To answer these questions the author of this study has undertaken long-term fieldwork as a community worker in a Norwegian municipality. Refugees from Chile, Iran, Somalia, Bosnia and Vietnam were on occasions subjected to exclusionary and discriminatory practices. Nevertheless, restistance was seen in the form of a Somali women’s sewing circle, the organisation of a multi-cultural youth club, running refugee associations and printing their own language newspapers.
Moreover, in activities such as these, refugees addressed and came to terms with a limited number of shared existential concerns: morality, violence, sexuality, family reunion, belonging and not belonging to a second generation. Drawing upon these experiences a general theory of refugeeness is proposed. It states that the cultures refugees create in exile are the necessary prerequisite for self-recognition and survival.
Part II – Cultural, existential and corporeal experiences of refugeeness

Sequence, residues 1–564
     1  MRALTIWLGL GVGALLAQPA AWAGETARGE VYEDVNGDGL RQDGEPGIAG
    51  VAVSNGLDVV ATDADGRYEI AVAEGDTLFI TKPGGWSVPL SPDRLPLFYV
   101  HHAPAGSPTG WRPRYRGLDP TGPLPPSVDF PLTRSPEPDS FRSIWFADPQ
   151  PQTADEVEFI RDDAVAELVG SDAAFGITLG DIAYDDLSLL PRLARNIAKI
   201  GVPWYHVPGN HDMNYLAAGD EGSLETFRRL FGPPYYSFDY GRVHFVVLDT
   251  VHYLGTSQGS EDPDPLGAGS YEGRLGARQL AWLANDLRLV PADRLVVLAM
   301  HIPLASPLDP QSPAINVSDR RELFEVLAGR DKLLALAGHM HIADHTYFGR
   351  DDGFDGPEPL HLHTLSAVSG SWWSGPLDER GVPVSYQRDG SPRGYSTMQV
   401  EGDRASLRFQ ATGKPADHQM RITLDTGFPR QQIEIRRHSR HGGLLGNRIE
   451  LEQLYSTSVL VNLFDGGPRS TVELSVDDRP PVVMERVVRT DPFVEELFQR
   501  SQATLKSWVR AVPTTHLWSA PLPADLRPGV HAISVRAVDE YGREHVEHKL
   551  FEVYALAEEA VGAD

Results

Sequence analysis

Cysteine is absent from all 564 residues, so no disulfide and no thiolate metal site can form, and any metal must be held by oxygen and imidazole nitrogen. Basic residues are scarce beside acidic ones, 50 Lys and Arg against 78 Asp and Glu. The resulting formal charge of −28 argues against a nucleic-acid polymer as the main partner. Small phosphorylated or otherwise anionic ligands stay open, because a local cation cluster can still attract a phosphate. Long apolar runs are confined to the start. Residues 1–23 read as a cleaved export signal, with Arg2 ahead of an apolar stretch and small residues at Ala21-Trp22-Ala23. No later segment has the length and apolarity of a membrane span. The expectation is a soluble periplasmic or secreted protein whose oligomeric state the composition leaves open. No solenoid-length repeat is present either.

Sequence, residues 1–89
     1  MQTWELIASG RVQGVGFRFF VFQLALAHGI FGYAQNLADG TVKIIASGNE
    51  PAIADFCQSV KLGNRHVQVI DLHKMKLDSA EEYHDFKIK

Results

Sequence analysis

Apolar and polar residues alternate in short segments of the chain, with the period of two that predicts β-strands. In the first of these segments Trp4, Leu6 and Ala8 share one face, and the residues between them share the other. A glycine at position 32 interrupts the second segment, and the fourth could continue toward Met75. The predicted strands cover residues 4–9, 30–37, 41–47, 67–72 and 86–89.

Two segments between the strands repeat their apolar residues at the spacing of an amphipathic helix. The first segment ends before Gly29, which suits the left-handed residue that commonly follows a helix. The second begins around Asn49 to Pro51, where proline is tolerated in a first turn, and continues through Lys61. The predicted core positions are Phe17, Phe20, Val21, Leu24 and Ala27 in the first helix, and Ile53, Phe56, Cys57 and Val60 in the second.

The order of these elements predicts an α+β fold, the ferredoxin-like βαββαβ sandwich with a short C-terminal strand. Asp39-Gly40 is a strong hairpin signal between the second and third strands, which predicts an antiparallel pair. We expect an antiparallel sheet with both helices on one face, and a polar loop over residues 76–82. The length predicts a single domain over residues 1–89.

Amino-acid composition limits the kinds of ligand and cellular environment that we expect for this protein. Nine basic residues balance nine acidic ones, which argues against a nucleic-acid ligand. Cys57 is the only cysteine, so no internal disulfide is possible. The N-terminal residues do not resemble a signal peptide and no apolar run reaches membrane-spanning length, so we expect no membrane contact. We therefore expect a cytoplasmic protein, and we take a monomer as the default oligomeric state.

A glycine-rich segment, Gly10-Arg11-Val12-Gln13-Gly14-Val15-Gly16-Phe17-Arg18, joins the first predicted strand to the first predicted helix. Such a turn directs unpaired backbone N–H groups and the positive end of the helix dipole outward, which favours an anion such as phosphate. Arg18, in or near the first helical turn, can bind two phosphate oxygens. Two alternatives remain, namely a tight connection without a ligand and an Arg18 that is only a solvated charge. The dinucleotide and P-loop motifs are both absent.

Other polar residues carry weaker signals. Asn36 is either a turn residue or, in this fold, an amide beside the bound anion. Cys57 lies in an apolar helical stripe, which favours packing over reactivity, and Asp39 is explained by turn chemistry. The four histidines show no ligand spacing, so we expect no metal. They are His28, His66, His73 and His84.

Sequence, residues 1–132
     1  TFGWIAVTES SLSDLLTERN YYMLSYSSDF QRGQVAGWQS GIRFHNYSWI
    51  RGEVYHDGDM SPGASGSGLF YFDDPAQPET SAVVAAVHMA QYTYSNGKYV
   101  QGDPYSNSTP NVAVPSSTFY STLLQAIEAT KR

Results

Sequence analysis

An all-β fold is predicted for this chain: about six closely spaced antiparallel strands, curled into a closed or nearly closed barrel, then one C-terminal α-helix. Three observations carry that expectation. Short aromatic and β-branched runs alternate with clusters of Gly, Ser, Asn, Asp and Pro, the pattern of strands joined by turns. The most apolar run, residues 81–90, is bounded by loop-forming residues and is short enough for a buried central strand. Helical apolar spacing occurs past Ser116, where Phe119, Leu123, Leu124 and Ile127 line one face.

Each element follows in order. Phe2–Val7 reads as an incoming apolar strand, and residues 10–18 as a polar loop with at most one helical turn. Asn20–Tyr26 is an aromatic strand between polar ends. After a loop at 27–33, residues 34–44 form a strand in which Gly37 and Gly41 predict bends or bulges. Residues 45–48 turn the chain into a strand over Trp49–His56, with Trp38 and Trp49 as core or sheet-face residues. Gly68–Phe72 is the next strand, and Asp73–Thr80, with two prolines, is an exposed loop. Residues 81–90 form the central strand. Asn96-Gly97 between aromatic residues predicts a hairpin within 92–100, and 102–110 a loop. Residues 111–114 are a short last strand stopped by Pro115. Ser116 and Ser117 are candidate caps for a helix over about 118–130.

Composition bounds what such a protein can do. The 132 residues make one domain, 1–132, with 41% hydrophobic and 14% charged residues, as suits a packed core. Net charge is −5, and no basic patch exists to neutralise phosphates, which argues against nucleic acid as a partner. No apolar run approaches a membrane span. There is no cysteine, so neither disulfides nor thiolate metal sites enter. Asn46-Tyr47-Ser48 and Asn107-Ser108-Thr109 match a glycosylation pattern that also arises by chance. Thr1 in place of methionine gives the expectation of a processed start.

Part II Cultural, existential and corporeal experiences of refugeeness 56 57 Chapter 2 Cultural ways of Being in exile Nombres, sitios, calles y calles, rostros, plazas, calles, estaciones, un parque, cuatros solos, manchas en la pared, alguien se peina, cuartos, lugares, calles, nombres, cuartos. Piedra de Sol, Octavio Paz. (names, places, streets and streets, faces, plazas, streets, stations, a park, single rooms, stains on the wall, someone combing her hair, rooms, places, streets, names, rooms) If the refugee is constituted by a number of discourses, on law, nation, mass, gender, class and race, then one discourse has been omitted from this list: culture. In exile, discourses of culture, not merely on the request and under the determination of the host population who desire to taste their exotic food, but also in refu- gee associations and when at home with family and friends, watch- ing movies imported from their homeland or just chatting consti- tute refugees. Through these discourses refugees experience their refugeeness as the founding and living of cultures of exile. Bhabha has suggested, ‘Culture as a strategy of survival is both transnational and translational.’ (Bhabha, 1994: 172) He was talk- ing of migrants traveling to the imperial metropolis from what were once colonies. But understanding culture as a form of sur- vival is equally applicable to refugees looking for ways of coping. (Fladstad, 1993) By transnational he meant that it was to do with displacement. Refugees are displaced to a new socio-spatial context, taking with them the culture of...
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